Carbs can't be converted into nitrogen bearing molecules!

    Protein can be converted to glucose and used for energy. It's based on alanine.

    So protein is an energy source and a repair source and what you have so eloquently chosen to omit is that protein INTAKE and/or the correct AA intake greatly ameliorates or entirely eliminates protein breakdown and BCAA usage for energy.

    When you have TOO MUCH protein you are thirsty all the time and urine becomes more yellow due to excess ammonia needing to be eliminated.
     
  12. Beastt

    Beastt New Member

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    No doubt you're well versed in nutrition, Chemicalanarchy. But in this case I think I'm going to have to go with the experts in the field and they seem to strongly side against most of what you claim. As an example;

    Dr McDougal:

    "Digestion of protein begins in the stomach where acids and enzymes break it down into smaller components called amino acids. Some of the protein is immediately used to build skin, hormones and other tissues. Most of us use very little protein each day. The exceptions are children, body-builders and people recovering from injury. Studies have shown that an active, healthy, adult man uses less than 20 grams of protein a day. Americans consume an average of 160 grams of protein daily, or about 8 times what we need. Little if any is ever used as energy. Nor is protein converted into carbohydrates. Likewise protein is not converted to fat. There is no place for storage of any of the excess 140 grams of protein the average american consumes each day. The truth is you have to get rid of it. All of that excess protein is processed and eliminated by the liver and kidneys. In the process, this left over protein over-works these organs. As a consequence, they become enlarged and the kidneys slowly deteriorate over a lifteime. The loss of kidney tissue is insignificant for most people because of their reserve capacity. Normal function is maintained with as little as one quarter of the kidneys. However, someone who has lost kidney tissue from an accident, diabetes, atherosclerosis, an infection or another cause, can suffer life threatening damage to the kidneys from a diet that contains as much excess protein as the typical American diet.

    Excess protein also causes changes in kidney metabolism. Minerals are also lost from the kidneys in large amounts, when they are called on to eliminate the excess protein., Particularly, animal proteins. Among the most important mineral lost is calcium from the bones which can lead to osteoporosis and kidney stones. Most of that damaging protein comes from animal sources, such as red meat, poultry, dairy products, eggs and fish.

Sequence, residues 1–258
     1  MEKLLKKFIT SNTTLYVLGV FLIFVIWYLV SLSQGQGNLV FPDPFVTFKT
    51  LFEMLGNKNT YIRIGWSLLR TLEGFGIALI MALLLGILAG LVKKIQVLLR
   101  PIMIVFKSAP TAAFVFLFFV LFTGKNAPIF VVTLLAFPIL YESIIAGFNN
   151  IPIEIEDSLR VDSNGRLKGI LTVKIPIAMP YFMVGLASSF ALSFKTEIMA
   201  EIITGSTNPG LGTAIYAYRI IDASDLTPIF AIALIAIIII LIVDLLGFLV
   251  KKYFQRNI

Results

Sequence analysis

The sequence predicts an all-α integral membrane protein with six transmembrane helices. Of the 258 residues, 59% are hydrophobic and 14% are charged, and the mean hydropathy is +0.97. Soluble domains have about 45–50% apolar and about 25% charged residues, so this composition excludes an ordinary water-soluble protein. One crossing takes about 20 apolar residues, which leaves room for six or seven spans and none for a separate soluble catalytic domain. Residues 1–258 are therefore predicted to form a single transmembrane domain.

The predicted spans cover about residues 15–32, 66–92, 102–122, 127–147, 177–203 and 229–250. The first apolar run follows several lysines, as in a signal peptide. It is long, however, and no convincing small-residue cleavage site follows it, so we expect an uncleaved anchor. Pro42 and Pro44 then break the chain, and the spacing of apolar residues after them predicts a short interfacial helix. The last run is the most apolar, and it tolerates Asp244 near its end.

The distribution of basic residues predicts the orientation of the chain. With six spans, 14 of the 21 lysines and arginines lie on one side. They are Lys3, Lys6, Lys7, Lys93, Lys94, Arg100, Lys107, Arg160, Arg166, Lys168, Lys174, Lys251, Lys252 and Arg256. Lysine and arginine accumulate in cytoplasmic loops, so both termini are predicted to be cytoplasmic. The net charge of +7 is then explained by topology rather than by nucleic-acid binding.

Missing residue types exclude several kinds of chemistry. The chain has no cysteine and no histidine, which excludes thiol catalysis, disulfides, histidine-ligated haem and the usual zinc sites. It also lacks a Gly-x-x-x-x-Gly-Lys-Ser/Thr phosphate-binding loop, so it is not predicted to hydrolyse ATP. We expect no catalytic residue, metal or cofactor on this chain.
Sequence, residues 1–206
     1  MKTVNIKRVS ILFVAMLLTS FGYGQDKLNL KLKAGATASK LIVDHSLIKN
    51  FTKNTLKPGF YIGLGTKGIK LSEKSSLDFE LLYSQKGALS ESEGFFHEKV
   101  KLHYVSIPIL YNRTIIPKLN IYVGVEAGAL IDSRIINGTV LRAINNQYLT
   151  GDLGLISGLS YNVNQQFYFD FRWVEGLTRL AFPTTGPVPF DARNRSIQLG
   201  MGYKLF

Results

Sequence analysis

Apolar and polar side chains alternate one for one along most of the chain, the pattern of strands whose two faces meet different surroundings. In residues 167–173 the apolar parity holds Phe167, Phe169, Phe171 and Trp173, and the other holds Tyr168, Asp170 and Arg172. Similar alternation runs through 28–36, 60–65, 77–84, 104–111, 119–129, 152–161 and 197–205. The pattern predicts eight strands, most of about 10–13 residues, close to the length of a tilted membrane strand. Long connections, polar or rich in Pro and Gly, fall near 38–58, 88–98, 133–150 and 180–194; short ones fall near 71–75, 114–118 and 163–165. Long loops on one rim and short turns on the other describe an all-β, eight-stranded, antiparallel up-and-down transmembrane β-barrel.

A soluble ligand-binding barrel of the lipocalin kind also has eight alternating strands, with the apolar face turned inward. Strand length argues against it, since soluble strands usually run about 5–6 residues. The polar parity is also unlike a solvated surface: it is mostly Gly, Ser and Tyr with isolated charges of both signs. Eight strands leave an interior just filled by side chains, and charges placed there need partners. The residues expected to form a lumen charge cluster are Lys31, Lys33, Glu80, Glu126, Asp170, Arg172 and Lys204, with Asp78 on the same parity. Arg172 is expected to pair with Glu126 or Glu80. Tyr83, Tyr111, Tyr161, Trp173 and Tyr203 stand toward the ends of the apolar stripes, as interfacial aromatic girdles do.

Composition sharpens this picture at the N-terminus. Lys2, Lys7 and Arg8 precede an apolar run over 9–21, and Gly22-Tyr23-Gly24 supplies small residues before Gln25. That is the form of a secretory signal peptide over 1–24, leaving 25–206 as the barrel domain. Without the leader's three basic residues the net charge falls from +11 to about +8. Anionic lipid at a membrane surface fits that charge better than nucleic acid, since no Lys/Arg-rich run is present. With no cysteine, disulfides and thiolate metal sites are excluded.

Only in the most desperate situations, such as sever illness, or prolonged starvation will the body use the proteins in the tissues as fuel. People desperate to lose weight will often starve to lose. The body happily burns fat. But unfortunately, proteins from muscles and other important tissues are also consumed to survive. This is like burning your own house or at the very least, like burning your own oak furniture in your fireplace, rather than ordinary wood, to survive the cold."


    Pritikin, Bernard and Robbins as well as several of the more trusted sources on the web all seem to be right in line with what Dr. McDougal states.
     
  13. Chemicalanarchy

    Chemicalanarchy New Member

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    You need to do some exercise physiology research via medline, but thanks for the kidney scare.

    And there is a HUGE difference between using quickly absorbed whey proteins over meat or whatever, but you know what, you keep doing it your way and I'll enjoy the view from up here!

    And there is no proof of this whatsoever, ever in the history of humanity of this happening with healthy subjects.

    'As a consequence, they become enlarged and the kidneys slowly deteriorate over a lifteime.'

    All that indicates is how 'old school' you are.
     
  14. Chemicalanarchy

    Chemicalanarchy New Member

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    Amuse yourself:

    What To Eat Before Cardio
    One dilemma facing athletes is whether to eat anything before cardio, and if so, what. A recent study sheds some light on this and suggests the best option. (1).

    The rationale for cardio on an empty stomach is obviously to increase fat burning. When carbs are taken in before exercise the carbs are preferentially used for fuel, sparing fat. On the other hand exercising on an empty stomach elevates cortisol levels which break down not only fats but muscle for fuel.

    The other option is ingesting protein before exercise. This may spare muscle, but does it inhibit fat burning? Surprisingly, according to the study, it depends on the type of protein.

    Rats were exercised under 4 different conditions. (1) Fasting. (2) Glucose meal before exercise. (3) whole milk protein before exercise (4) lactalbumin enriched whey before exercise.

    At the end of the study, the glucose and milk protein fed rats gained fat mass, showing that these diets blunted the fat burning from exercise. The fasted rats lost both muscle and fat, whereas the whey fed rats lost just as much fat as the fasted rats, but gained muscle.

    The moral is to burn fat and actually build muscle while doing cardio, ingest whey protein beforehand.

    Am J Physiol Endocrinol Metab 2002 Sep;283(3):E565-72

    A preexercise alpha-lactalbumin-enriched whey protein meal preserves lipid oxidation and decreases adiposity in rats.

    Bouthegourd JC, Roseau SM, Makarios-Lahham L, Leruyet PM, Tome DG, Even PC.